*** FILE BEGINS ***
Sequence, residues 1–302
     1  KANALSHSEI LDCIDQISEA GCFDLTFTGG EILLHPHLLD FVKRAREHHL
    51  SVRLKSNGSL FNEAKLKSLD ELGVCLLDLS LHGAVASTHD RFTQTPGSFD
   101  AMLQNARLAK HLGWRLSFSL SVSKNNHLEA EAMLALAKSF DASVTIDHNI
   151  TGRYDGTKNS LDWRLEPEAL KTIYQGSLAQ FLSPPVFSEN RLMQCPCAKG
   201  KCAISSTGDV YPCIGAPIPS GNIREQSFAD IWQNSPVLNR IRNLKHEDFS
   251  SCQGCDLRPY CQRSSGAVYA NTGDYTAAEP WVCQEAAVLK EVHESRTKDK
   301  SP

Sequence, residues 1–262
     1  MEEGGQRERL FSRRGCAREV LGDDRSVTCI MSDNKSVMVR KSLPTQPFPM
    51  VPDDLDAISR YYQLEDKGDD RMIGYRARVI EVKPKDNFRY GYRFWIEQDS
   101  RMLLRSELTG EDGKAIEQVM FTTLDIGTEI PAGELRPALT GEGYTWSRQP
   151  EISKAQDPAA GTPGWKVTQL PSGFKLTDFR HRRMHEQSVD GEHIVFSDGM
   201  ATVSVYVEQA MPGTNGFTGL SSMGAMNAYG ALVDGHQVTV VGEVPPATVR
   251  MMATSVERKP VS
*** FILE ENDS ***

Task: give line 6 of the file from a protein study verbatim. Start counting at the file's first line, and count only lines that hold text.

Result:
   201  KCAISSTGDV YPCIGAPIPS GNIREQSFAD IWQNSPVLNR IRNLKHEDFS